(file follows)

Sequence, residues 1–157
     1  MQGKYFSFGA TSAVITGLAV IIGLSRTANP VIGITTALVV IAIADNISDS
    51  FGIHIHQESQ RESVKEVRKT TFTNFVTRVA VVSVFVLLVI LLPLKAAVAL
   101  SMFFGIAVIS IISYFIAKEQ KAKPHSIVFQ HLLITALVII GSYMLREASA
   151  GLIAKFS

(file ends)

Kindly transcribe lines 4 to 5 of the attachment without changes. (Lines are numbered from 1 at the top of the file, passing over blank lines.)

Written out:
   101  SMFFGIAVIS IISYFIAKEQ KAKPHSIVFQ HLLITALVII GSYMLREASA
   151  GLIAKFS